My only complaint about an otherwise thoroughly worthwhile album concerns the sleeve. How difficult could it be to design a fantastic cover for a blues album by the Stones? If you don’t have any ideas of your own, Mr Art Director, just go back to their first LP, with its moody chiaroscuro group photograph by Nicholas Wright, or its very similar successor, for which David Bailey did the honours. Instead we get a piece of artwork based on the tired old “tongue” logo — so crass as to be actively repulsive. And I’d have liked an Andrew Loog Oldham sleeve note, too.

* The photograph of Mick Jagger and Ron Wood is from the inside of the album sleeve, and is uncredited.

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Finding Bob Campbell, photographer

Robert Campbell Son House John HammondIt’s 14 years since Jessica Ferber, who had just graduated in sociology and photography from the University of Vermont, was handed a few boxes of photographic prints and negatives and other bits and pieces left by a recently deceased resident of a homeless shelter. She was asked if she wanted to do something with them. They would occupy much of her time for the next decade as she sorted through the material, began the painstaking process of restoration, and then raised funds via Kickstarter to complete the work and to secure publication in book form.

The battered prints, negs, postcards, receipts, letters, cassette tapes and a journal were all that remained of the life of Robert James Campbell, who had died at the age of 65 of accumulated symptoms, including heart and kidney disease, more than 30 years after his career as a photographer had petered out. But what Ferber saw convinced her that here was something worth preserving.

Bob Campbell was born in New York into a wealthy family, and grew up in homes in Portsmouth, New Hampshire and Burlington, Vermont. He was interested in cameras from an early age, and he also played the double bass. He dropped out of college after a year and his first photographs of jazz musicians seem to have been taken when he served in the US Army in the 1950s. When he moved to New York on his 25th birthday in 1961, taking a studio in the West Village, he gravitated towards clubs like the Village Vanguard.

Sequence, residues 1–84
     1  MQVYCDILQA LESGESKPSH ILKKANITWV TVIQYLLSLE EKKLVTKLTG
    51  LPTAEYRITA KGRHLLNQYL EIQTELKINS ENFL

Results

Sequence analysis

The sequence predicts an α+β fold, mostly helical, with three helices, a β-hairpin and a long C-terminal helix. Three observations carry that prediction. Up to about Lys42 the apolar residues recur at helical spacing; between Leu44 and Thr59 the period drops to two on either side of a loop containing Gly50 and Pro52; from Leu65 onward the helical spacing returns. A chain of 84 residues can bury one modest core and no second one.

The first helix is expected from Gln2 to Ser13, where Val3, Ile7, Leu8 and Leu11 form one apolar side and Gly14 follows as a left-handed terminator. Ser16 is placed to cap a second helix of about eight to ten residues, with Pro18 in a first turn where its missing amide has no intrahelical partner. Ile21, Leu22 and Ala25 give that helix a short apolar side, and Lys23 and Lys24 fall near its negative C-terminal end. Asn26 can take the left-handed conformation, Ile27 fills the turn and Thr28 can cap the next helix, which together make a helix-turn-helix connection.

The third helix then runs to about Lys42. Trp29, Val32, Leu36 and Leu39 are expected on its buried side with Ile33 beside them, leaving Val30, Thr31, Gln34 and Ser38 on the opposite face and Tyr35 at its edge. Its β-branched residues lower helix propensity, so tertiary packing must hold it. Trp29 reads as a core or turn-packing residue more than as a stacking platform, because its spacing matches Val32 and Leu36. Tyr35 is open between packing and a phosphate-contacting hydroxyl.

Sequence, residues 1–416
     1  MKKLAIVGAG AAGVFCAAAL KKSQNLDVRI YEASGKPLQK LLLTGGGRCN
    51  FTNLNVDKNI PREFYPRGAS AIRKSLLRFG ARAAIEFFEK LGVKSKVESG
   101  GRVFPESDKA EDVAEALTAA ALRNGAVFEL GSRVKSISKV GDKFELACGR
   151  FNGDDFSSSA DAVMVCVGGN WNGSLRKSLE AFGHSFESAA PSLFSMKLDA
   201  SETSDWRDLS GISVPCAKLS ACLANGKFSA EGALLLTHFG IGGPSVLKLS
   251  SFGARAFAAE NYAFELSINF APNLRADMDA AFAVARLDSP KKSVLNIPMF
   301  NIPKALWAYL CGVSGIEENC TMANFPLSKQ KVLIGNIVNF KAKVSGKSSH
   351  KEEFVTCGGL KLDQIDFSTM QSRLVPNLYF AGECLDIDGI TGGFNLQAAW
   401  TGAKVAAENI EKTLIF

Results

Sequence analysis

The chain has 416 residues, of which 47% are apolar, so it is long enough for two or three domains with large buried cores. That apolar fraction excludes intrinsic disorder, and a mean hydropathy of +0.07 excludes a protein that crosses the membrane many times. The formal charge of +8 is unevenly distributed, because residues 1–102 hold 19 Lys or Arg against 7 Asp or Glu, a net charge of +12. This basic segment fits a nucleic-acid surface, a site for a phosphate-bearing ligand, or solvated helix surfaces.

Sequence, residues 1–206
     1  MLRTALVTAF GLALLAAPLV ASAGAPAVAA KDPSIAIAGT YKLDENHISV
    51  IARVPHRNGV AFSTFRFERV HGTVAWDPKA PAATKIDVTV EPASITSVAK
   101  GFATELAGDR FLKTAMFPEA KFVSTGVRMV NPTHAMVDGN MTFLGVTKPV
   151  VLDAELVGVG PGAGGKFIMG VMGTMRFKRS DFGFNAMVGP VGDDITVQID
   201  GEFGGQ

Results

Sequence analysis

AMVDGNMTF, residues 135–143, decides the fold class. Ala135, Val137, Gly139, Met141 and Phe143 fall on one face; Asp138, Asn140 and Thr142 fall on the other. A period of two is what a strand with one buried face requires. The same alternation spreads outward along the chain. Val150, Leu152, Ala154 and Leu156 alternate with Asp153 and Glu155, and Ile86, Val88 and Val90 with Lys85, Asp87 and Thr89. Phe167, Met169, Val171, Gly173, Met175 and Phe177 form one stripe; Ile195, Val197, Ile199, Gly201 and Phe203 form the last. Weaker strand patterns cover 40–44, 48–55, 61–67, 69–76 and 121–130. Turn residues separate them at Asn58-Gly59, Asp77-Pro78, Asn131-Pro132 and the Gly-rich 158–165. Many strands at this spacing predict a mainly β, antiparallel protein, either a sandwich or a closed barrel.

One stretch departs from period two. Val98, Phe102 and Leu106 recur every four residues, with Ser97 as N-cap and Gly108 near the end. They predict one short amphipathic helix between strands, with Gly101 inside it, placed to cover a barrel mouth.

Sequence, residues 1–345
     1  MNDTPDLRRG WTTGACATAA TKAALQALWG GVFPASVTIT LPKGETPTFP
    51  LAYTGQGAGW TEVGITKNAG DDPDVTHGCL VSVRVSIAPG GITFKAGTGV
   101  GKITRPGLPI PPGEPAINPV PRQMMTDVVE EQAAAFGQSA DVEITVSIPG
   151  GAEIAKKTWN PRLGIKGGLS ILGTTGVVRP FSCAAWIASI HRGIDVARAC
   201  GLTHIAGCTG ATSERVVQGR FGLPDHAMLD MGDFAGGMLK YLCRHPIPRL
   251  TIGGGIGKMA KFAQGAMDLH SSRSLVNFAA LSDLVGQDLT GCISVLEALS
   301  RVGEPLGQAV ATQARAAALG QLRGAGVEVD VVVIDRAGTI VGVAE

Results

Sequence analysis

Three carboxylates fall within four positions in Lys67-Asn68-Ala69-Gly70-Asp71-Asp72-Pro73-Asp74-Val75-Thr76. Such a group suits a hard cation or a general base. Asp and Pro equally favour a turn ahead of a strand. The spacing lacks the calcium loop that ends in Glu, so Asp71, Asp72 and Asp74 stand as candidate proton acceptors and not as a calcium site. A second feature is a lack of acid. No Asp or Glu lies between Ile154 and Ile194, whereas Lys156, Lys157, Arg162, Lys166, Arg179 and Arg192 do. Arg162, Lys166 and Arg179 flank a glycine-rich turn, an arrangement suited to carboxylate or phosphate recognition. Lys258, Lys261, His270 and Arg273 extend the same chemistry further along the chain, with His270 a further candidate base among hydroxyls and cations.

Rebirth of the Cool is the product of Ferber’s 10-year obsession, a handsome large-format book that chronicles not just Campbell’s work but his life, mainly through family photographs from his childhood. It includes impressive black and white studies of many important musicians, among them Bud Powell (at the recording session for The Return of Bud Powell in 1964), Elvin Jones, Miles Davis and John Coltrane, Wayne Shorter, Lee Morgan, the MJQ (shot during a trip to Germany in 1958), Tommy Turrentine, Philly Joe Jones, the Adderley brothers, Dave Brubeck, Gerry Mulligan, and Warne Marsh with Lee Konitz.

Campbell was also taken with Bob Dylan; although there are no shots to document that specific interest, his involvement in the burgeoning Greenwich Village folk and blues scene is reflected in photographs of Son House with the great A&R man John Hammond (see above), Mississippi John Hurt, Miriam Makeba (with Sivuca, the Brazilian accordionist), Richie Havens, Bill Monroe, the Staple Singers and the duo Jim & Jean — Jim Glover and Jean Ray (below), the models for the characters played by Carey Mulligan and Justin Timberlake in Inside Llewyn Davis.